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Bombers to learn fate in January


The Court of Arbitration for Sport says it will deliver in mid-January its verdict on the Essendon doping case that has rocked Australian sport.

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CAS arbitrated a hearing in Sydney from November 16-20, and said overnight it will notify all parties of its decision from January 11.

The case involves 34 current and former Essendon players, who took a banned peptide in 2012 at the suggestion of a sports scientist.

The Australian Football League decided in March there was no anti-doping violation, but the World Anti-Doping Agency appealed to CAS, seeking a violation and sanction.

The Club could also be fined $610,700 after admitting yesterday it failed to provide players with a safe workplace during the ill-fated 2012 supplements regime.

WorkSafe Victoria told the Melbourne Magistrates Court that Essendon, at the end of 2011 and in 2012, gave players supplements without taking necessary steps to reduce potential health risks.

The club said two key figures in the ill-fated supplements program ignored clear protocols and sidestepped medical staff in their bid to give the team a competitive edge.

After the club finished 8th in the 2011 season, two key figures came on board to implement the new regime – fitness boss Dean Robinson, who brought well-known sports scientist Stephen Dank with him.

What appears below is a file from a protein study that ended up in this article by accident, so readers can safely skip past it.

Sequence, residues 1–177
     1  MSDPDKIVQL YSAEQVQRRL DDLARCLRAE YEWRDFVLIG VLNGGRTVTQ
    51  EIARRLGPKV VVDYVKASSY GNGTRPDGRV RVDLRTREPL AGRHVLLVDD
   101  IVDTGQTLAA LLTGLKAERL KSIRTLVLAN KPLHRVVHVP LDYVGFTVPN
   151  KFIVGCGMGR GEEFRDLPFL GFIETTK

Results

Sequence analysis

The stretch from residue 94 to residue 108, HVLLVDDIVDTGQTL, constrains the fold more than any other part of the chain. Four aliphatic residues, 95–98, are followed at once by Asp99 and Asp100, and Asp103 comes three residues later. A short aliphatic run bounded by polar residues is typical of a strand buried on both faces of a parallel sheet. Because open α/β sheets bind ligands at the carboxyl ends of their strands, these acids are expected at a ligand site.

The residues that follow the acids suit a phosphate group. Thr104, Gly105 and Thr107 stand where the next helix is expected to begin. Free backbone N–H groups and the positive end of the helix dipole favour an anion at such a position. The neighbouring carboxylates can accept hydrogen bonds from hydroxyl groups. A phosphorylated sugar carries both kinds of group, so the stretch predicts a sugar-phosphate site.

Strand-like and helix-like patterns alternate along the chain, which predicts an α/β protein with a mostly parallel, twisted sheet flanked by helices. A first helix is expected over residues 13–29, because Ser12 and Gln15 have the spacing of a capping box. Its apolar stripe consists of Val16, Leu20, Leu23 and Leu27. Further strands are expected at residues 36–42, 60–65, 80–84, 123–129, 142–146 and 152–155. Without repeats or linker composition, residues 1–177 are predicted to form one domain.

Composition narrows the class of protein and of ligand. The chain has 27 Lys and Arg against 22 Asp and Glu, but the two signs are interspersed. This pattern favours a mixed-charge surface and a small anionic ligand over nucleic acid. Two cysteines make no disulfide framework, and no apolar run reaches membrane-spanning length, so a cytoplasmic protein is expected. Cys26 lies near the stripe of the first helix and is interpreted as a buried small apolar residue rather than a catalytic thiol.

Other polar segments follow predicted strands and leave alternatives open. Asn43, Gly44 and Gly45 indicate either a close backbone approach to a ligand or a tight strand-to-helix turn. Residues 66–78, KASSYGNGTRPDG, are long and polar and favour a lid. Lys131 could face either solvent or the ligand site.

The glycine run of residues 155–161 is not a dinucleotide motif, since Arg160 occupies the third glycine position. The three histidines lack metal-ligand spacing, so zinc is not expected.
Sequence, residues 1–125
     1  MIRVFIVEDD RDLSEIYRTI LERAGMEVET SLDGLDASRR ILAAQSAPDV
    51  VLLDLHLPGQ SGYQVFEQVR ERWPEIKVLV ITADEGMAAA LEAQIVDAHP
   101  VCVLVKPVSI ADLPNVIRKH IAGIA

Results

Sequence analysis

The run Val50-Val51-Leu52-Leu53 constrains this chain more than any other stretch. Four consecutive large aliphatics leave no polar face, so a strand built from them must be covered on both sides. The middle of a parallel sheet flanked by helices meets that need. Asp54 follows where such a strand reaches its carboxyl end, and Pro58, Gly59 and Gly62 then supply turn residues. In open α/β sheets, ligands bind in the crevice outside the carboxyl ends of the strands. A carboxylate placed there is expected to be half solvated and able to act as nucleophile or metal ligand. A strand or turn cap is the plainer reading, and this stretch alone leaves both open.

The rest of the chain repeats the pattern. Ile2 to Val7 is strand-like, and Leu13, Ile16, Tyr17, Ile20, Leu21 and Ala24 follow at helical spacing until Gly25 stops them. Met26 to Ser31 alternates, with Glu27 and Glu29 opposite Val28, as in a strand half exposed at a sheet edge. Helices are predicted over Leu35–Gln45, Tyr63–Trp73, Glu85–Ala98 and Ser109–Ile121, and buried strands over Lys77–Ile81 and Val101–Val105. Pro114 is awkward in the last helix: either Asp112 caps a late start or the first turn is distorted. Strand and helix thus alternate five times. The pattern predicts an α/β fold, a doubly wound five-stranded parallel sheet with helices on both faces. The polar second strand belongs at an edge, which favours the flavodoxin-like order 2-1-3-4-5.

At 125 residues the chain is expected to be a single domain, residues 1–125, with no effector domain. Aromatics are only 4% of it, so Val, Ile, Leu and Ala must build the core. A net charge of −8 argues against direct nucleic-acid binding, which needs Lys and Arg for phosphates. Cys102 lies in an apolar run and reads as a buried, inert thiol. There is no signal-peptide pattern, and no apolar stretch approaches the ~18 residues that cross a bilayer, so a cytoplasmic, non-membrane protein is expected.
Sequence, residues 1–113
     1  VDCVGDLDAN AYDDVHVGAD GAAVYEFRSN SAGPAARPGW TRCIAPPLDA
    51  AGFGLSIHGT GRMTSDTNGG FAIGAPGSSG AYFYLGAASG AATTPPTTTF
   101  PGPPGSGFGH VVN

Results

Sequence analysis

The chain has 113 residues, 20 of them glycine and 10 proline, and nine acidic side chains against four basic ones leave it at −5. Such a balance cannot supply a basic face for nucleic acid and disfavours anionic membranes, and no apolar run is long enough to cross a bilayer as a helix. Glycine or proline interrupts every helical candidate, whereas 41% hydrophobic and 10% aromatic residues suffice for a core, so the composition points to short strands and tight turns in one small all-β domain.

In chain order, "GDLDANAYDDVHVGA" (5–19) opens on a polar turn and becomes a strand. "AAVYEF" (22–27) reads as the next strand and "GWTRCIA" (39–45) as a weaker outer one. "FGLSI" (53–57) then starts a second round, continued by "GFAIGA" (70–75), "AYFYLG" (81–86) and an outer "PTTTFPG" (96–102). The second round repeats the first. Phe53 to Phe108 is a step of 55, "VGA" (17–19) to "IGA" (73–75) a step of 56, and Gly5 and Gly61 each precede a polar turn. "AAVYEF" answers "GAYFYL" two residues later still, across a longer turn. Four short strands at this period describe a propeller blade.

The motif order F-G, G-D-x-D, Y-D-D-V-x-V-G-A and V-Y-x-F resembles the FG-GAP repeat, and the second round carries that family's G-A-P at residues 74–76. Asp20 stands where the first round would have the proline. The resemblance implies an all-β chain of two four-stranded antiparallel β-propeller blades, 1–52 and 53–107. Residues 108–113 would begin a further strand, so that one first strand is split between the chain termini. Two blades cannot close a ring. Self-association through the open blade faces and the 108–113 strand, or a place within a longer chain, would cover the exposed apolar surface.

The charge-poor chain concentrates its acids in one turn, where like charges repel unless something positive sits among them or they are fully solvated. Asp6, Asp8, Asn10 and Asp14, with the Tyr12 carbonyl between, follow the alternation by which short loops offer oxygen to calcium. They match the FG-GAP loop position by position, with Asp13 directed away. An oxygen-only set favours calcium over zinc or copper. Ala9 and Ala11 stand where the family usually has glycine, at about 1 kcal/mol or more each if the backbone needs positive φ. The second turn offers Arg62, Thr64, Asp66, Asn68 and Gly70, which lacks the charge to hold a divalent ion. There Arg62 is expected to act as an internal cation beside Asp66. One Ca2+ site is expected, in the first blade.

They began a supplements program, injecting players with vitamins, amino acids and peptides, the court was told.

Senior players and club doctor Bruce Reid raised concerns over this in January 2012, so Mr Robinson wrote a policy giving Dr Reid the power to approve or deny the use of any substances administered to players.

Under the policy, Robinson and Dank were to provide Dr Reid with the scientific and common name of substances, clinical findings about side effects or documents guaranteeing they did not breach ASADA or WADA guidelines.

They gave him “mountains of paperwork” but it contained only information on some of the substances.

Other substances were given off-site without Dr Reid’s approval.

Prosecutor Ross Ray, QC, said poor record keeping meant it was almost impossible to know what each player was given, but it is believed they had some form of Thymosin and Tribulus Forte.

“Dank and Robinson administered these substances to players without approval from the medical team,” Ray told the court.

Players were ordered not to talk about the program.

Barrister Gary Livermore, acting on behalf of Essendon, conceded Dank and Robinson didn’t get approval from Reid for at least two of the supplements.

Ray said the club should be fined $305,350 for each of the two charges they face – the maximum monetary penalty available to the Magistrate.

Essendon will be sentenced on January 28.

This means all ongoing wrangles pertaining to the supplements scandal should be tied up, one way or another, before the start of pre-season.


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